After the civil rights era’s and all of the bills and supreme court rulings like the transportation equality act, prohibited discrimination In public accommodations, educations and employment, Civil Rights Acts of 1964 and the American Indian Movement just to name a few. These acts were implemented to remove oppression but actually today in 2014 Oppression is still happening especially on blacks and Hispanics. The oppression happens as a bi product from white privilege. People are oppressed because African Americans and Hispanics cannot do certain things that white Americans can do. This can be linked to negative stereotypes about these races.
There were many reasons that made the problem of “the color line” more and more definite. In Plessy v. Ferguson “the justices legalized racism by stating that separate spaces for different races were allowable by law as long as they were equal.” (Bowles, 2011) They were, however, anything but equal. The blacks had to endure sub-par schools, churches, hospitals and restaurants. This was a constant reminder that they were considered second class to the white citizen simply because of the color of their skin. Though the fifteenth amendment gave black males the right to vote a poll tax was introduced to eliminate the black vote.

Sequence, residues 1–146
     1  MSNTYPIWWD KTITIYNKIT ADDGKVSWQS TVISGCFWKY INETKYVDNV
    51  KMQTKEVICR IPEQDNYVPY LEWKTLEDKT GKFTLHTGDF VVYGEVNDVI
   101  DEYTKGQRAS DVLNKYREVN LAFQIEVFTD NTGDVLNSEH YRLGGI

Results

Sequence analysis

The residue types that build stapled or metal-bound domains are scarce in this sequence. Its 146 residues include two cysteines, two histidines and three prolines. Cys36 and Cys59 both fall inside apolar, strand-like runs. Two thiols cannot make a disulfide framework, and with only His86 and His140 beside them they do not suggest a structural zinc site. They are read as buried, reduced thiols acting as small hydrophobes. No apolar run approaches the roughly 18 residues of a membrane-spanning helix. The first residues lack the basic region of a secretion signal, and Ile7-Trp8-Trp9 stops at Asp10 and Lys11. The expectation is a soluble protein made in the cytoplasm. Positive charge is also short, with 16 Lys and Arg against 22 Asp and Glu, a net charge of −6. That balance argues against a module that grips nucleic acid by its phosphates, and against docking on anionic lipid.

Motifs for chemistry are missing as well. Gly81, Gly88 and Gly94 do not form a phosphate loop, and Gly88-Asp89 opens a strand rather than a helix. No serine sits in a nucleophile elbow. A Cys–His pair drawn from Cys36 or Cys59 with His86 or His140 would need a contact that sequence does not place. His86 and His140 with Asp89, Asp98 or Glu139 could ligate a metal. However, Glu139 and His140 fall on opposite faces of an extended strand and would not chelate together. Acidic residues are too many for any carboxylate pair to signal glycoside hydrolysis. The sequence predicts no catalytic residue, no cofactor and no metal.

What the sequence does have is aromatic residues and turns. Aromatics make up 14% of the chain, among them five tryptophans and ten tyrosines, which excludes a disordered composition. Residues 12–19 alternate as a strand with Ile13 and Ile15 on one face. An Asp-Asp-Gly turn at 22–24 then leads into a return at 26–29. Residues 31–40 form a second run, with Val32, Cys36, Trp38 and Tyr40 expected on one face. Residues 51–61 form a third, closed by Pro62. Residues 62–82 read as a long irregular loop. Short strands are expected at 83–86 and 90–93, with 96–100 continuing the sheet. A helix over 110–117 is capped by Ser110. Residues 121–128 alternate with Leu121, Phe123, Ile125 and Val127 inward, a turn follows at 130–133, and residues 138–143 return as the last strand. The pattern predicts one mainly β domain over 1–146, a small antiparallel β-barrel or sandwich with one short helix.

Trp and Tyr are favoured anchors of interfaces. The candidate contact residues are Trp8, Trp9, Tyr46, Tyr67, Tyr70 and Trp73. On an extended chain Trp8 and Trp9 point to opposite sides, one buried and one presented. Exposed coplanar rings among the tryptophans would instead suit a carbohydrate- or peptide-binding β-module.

Special Privileges Are a Disadvantage to All Despite the fact that the Affirmative Action has been over for decades, tensions still exist over the issue of giving special consideration to underrepresented minorities. Affirmative action programs were established in order to increase the diversity and representation of minorities in the employment, education, and business areas that they were previously excluded from. The debate among race-based preferences continues to ignite animosity when distinctions between racial and social equality become blurred. In the past, schools granted a higher chance of admission and set quotas for minorities, primarily consisting of African-Americans and Hispanics. Today, these quotas have long since been banned, but some argue that special considerations toward minorities are still apparent and disrupt their rights for equal opportunity.